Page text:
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Alcazar v. Hayes

Tennessee Supreme Court
982 S.W.2d 845 (1998)


David Alcazar (plaintiff) was an 18-year-old boy living with his mother. He was covered by his mother’s auto insurance policy that she had purchased from Government Employees Insurance Company (GEICO) (defendant). The policy required that an insured give notice to GEICO as soon as possible after an accident. Alcazar and Christopher Hayes (defendant) were working in chicken houses on a farm. Alcazar asked Hayes for a ride to Alcazar’s truck. Hayes agreed, on the condition that Alcazar ride on the trunk of Hayes’s car because Alcazar was so dirty from the chicken houses. While riding on the trunk, Alcazar was thrown from Hayes’s car and hit his head on the road. Alcazar suffered permanent brain damage. Alcazar’s mother did not initially notify GEICO of Alcazar’s accident because she did not know that he was covered by the uninsured-motorist clause of her policy, and also because she did not initially know how badly Alcazar was injured. About one year after Alcazar’s accident, he filed a complaint seeking damages for his injuries. GEICO filed a motion for summary judgment, arguing that Alcazar had breached the insurance contract’s notice provision by waiting more than a year to notify GEICO of the accident. Alcazar argued that his delay in notifying GEICO could not be grounds for forfeiting the policy because the delay had not prejudiced GEICO. The trial court granted summary judgment for GEICO, and the court of appeals affirmed. Alcazar appealed.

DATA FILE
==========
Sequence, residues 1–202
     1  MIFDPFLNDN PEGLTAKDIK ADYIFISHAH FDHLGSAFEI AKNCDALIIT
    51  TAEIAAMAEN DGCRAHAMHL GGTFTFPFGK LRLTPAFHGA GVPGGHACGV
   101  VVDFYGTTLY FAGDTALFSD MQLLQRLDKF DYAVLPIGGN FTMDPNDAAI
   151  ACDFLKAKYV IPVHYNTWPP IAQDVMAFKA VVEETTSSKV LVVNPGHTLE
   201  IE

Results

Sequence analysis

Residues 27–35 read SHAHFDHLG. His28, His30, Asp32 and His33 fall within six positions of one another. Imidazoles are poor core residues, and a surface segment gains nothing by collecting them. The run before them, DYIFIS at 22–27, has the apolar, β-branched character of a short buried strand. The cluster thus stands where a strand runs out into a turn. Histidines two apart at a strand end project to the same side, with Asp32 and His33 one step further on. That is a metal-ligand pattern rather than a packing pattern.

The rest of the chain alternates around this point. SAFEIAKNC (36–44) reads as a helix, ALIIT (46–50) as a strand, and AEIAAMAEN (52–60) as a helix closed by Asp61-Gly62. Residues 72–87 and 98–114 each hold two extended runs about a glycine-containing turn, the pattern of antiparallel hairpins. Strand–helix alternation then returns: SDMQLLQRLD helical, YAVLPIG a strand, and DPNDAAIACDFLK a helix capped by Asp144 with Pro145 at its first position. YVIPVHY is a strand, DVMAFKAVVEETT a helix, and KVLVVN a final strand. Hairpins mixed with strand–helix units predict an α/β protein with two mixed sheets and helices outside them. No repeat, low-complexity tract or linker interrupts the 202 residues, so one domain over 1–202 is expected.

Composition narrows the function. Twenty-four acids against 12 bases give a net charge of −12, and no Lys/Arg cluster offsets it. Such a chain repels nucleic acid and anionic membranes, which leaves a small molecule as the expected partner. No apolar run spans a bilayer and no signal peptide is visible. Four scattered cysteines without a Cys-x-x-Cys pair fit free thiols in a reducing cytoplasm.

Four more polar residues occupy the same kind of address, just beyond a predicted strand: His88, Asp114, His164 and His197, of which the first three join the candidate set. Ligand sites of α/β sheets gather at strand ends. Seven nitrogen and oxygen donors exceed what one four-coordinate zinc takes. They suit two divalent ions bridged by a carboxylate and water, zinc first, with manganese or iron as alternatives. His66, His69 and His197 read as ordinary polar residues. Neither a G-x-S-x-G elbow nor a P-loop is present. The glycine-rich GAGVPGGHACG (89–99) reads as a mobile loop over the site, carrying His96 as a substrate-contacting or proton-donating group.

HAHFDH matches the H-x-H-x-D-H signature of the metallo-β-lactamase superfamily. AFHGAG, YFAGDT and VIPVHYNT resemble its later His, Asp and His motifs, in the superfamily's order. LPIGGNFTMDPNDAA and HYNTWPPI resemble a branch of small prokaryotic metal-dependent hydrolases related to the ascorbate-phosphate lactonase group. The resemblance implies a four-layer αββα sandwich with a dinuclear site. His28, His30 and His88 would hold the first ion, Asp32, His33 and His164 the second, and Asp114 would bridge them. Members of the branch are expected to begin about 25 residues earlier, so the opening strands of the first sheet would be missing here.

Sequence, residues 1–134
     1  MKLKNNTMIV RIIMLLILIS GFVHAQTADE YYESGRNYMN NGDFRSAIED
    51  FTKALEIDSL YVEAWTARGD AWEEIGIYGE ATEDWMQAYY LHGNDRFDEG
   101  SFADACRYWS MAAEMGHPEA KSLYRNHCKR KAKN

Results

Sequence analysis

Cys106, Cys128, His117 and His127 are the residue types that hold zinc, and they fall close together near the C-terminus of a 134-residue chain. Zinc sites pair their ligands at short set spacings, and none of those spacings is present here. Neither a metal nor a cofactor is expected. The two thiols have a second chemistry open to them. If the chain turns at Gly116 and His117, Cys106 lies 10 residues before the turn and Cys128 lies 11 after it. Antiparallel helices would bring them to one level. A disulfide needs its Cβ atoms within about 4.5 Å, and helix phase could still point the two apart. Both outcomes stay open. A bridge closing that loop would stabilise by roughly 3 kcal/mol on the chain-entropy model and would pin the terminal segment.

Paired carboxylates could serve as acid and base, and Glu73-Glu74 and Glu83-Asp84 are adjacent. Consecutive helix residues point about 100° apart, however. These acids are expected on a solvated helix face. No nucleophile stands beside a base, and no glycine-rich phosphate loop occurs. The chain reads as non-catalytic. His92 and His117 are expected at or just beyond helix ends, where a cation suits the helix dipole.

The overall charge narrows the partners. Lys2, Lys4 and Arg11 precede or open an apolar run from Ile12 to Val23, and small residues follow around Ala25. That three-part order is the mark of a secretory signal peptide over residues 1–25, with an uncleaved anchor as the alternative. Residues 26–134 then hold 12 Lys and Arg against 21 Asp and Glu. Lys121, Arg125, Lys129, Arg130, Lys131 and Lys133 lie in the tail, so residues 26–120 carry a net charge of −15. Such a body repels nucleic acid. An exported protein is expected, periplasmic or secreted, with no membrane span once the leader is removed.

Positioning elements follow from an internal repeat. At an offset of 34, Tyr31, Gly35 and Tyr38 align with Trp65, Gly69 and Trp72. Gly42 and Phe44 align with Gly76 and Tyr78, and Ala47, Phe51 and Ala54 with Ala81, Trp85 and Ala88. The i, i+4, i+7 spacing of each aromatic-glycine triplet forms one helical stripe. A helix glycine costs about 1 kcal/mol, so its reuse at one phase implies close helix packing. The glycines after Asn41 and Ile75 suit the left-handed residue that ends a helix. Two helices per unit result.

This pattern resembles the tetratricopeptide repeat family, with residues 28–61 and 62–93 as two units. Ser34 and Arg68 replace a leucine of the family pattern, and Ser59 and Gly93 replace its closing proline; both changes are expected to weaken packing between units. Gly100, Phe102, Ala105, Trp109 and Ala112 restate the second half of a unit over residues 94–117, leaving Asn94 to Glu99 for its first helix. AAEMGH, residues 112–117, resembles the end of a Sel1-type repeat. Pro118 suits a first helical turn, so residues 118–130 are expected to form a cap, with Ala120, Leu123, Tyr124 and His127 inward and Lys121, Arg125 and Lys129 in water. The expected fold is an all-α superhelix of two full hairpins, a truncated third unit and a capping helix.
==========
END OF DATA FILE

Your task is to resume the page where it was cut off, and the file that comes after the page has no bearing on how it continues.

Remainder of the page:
Rule of Law


Holding and Reasoning (Drowota, J.)

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